About Dry Eye

Dry eye is an irritating eye condition that occurs when 1) the eyes don’t make enough tears or 2) the tears evaporate more than usual. This makes the eyes dry and red. Treatment can be used to control your symptoms.


Dry eye is caused by anything that affects tear production. If too few tears are made, the eyes can become dry. The eyes can also become dry if the tears evaporate too quickly. Dry eye happens for a few reasons:

  • Ageing
  • Changes in hormone levels
  • Exposure to sun, wind, or dry climates
  • Contact lenses
  • Eye injury
  • Other eye diseases
  • Abuse of steroid cream
  • Diseases that affect the whole body (like rheumatoid arthritis)
Picture Courtesy: American Academy of Ophthalmology

The symptoms of the dry eye are,

Most people experience mild symptoms. In a few cases, dry eye can be more painful, with more severe consequences.

  • Dry or sore eyes
  • Eye redness
  • Eyelids stick together when you wake up
  • Watering eyes (Your eye may briefly make too many tears to try and fix the dryness)

Both eyes usually show symptoms. If you experience these mild symptoms, visit your eye doctor. They may be able to prescribe something to relieve the irritation. If your symptoms are severe or accompanied by pain and decreased vision, see an eye doctor immediately. This may be a sign that something else is wrong.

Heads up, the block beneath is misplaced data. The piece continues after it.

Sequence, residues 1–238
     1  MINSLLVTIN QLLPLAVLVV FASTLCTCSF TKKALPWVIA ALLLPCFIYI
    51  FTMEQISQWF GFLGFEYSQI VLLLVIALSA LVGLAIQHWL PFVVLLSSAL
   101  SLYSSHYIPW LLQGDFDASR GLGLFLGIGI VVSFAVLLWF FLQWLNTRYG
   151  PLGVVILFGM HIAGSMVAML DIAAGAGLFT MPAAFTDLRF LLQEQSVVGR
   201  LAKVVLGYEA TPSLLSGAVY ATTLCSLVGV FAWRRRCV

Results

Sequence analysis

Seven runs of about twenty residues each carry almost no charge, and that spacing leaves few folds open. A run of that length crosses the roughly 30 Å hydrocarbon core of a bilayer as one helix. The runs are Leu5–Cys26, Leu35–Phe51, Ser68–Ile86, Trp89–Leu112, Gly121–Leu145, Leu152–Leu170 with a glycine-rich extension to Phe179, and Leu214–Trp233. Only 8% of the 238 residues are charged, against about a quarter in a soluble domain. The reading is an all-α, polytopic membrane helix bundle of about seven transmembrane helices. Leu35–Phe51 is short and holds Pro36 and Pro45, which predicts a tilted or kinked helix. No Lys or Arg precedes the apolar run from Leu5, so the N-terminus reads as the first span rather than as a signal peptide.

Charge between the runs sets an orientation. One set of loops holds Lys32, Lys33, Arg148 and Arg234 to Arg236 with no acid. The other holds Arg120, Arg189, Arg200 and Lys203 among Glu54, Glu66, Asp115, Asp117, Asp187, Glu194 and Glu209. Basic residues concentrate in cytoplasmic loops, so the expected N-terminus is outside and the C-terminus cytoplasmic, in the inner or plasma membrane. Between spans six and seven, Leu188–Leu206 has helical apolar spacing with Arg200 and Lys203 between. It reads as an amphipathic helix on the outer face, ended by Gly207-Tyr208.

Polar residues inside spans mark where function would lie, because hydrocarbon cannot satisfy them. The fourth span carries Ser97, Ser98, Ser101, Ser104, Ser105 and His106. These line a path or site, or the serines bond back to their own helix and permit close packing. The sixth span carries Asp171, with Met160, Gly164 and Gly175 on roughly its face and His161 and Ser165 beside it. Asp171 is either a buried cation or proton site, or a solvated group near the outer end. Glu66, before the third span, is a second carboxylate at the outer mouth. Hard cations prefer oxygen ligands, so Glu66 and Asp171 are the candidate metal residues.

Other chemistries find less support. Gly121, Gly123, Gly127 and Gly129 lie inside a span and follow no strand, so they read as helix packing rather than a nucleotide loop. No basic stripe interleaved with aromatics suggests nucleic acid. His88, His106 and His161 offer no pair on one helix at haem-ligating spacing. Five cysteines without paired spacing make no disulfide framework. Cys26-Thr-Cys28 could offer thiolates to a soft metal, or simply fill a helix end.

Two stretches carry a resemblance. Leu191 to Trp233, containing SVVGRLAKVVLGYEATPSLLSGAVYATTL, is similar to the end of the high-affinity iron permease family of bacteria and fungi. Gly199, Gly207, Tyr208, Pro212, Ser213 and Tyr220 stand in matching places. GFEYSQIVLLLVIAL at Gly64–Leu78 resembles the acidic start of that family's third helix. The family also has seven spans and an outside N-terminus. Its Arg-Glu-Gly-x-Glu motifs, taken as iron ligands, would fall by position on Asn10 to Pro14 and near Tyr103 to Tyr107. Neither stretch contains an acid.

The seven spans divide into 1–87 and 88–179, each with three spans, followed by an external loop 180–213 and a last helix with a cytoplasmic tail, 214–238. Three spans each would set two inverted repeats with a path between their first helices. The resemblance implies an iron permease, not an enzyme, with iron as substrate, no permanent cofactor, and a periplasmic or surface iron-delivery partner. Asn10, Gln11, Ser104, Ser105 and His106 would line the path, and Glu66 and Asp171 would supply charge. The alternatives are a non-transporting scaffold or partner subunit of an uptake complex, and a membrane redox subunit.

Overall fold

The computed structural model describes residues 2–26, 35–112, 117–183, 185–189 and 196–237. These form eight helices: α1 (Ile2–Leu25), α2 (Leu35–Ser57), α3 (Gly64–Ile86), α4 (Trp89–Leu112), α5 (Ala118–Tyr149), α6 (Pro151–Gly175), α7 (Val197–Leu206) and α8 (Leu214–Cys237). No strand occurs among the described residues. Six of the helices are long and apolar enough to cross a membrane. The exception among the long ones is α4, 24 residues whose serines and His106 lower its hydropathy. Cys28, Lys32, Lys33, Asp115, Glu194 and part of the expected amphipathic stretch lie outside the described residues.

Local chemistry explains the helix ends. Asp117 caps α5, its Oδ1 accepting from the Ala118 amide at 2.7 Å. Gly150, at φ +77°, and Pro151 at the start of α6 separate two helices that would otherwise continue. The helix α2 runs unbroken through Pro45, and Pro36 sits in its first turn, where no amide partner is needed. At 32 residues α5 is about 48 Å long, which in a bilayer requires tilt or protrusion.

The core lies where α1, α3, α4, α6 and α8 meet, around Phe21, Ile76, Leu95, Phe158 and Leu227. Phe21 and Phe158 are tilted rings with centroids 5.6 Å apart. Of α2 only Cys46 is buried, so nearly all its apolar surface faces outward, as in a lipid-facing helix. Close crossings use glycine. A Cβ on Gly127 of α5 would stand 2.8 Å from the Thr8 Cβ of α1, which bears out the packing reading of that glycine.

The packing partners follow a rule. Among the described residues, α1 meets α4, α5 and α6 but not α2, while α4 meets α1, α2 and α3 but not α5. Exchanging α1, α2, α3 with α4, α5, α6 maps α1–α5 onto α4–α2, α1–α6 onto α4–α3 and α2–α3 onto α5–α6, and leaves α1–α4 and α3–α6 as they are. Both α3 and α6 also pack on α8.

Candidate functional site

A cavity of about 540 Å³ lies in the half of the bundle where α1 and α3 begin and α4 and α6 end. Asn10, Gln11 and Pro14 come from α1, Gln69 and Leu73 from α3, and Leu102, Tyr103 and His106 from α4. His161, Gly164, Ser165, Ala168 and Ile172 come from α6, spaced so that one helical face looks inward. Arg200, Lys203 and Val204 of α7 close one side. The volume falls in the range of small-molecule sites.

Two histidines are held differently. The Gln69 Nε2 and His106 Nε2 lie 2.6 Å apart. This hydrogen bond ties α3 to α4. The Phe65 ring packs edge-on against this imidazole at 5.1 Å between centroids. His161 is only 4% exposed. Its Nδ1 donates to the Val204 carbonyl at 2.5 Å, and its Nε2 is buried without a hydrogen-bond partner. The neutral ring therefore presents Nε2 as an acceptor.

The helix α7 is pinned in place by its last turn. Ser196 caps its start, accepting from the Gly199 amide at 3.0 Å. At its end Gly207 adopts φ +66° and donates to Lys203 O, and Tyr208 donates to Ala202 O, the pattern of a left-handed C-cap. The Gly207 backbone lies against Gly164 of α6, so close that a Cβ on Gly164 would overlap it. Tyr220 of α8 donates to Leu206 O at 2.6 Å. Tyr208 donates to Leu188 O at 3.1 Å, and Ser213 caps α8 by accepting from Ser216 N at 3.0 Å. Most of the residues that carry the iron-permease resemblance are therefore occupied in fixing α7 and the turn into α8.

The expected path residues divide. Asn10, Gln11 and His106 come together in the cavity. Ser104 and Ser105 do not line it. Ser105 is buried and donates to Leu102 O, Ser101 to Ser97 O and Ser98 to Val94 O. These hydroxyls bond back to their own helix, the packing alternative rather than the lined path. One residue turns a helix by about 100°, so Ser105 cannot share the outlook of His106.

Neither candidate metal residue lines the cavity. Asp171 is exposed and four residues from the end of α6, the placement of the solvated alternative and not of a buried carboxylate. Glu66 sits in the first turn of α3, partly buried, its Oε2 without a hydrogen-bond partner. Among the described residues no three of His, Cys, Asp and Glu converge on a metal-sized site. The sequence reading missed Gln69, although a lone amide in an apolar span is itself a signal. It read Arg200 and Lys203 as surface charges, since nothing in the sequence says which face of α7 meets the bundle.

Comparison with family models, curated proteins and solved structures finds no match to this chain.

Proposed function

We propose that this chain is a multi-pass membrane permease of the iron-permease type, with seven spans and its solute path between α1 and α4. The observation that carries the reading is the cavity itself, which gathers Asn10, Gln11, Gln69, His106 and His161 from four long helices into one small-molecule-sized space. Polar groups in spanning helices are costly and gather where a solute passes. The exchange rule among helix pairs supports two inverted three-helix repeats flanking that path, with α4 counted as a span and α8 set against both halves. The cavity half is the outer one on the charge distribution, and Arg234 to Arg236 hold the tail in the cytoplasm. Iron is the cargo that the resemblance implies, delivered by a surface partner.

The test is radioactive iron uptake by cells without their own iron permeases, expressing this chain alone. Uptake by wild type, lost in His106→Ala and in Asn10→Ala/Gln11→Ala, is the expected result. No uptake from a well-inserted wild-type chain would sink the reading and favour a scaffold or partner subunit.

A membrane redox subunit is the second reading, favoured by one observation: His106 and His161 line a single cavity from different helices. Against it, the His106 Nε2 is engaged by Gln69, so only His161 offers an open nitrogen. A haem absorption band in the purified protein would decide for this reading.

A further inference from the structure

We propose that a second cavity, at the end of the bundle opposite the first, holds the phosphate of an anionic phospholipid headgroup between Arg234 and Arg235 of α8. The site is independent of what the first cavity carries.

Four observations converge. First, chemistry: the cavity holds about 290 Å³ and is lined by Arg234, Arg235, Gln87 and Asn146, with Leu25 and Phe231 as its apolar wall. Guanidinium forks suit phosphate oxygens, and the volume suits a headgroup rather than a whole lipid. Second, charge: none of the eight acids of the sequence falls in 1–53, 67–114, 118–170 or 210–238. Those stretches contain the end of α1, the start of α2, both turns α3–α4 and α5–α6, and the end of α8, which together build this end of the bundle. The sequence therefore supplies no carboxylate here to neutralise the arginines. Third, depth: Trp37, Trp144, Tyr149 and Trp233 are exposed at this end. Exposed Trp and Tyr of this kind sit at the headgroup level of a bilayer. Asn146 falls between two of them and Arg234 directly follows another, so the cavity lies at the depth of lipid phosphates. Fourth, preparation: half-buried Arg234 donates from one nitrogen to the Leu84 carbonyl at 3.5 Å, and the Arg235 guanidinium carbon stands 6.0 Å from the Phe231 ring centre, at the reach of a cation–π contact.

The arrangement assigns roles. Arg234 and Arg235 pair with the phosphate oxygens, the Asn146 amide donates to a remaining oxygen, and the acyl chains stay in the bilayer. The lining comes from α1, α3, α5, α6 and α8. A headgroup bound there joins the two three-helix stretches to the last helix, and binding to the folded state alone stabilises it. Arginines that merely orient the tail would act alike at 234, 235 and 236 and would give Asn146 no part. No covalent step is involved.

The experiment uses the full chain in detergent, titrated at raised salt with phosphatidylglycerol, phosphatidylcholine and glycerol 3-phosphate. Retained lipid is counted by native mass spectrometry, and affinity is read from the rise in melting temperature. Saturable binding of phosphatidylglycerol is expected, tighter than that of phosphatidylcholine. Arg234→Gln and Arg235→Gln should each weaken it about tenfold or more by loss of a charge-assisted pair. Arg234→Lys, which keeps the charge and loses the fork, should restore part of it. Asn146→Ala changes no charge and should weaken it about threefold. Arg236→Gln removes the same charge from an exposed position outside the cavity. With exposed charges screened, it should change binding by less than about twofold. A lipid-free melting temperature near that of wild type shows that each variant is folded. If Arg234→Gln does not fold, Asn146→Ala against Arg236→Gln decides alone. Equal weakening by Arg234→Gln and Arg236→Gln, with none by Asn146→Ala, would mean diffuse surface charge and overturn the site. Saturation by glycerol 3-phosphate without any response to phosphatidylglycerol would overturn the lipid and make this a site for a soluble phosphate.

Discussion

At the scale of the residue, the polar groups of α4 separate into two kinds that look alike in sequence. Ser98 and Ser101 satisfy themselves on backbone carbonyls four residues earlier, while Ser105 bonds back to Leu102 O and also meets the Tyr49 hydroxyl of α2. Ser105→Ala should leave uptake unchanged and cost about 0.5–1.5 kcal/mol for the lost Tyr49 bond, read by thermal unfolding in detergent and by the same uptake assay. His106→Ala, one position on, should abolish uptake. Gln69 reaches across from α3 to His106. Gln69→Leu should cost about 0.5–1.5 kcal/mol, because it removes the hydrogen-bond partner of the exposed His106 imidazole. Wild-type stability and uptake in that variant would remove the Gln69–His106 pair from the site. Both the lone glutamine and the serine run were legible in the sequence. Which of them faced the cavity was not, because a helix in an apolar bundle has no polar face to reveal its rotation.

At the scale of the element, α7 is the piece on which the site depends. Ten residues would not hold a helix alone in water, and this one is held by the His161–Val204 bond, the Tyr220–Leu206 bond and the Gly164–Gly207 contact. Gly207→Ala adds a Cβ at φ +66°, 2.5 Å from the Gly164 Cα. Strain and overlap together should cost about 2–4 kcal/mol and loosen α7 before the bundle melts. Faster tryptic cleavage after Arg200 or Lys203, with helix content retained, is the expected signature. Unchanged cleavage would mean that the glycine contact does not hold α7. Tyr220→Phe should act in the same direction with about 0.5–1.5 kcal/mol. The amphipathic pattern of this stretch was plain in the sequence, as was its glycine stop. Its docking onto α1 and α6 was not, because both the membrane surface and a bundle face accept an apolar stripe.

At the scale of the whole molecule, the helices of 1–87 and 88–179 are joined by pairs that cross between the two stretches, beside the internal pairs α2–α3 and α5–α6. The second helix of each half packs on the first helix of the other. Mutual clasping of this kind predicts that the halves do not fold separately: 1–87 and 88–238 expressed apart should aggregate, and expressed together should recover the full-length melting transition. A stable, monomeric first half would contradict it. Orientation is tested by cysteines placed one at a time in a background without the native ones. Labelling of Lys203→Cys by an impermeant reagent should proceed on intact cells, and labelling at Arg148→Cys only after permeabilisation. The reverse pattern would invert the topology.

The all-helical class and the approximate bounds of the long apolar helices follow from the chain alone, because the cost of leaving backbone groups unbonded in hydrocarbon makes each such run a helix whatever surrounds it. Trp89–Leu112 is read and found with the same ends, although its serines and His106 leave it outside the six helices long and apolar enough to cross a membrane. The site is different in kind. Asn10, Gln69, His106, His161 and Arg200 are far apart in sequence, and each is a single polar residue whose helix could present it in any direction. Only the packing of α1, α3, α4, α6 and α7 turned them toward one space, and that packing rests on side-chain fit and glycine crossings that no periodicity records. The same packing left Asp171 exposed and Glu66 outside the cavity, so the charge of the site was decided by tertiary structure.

To help your eyes make more tears, your doctor may prescribe artificial tears. These tears are applied as eye drops. They control your symptoms by wetting the eyes. Any inflammation may be relieved with skin creams.

If your dry eye is caused by some other disease, like rheumatoid arthritis, it may be necessary to preserve the tears. In these cases, surgery may be used to stop the tears from leaking out of the tear ducts.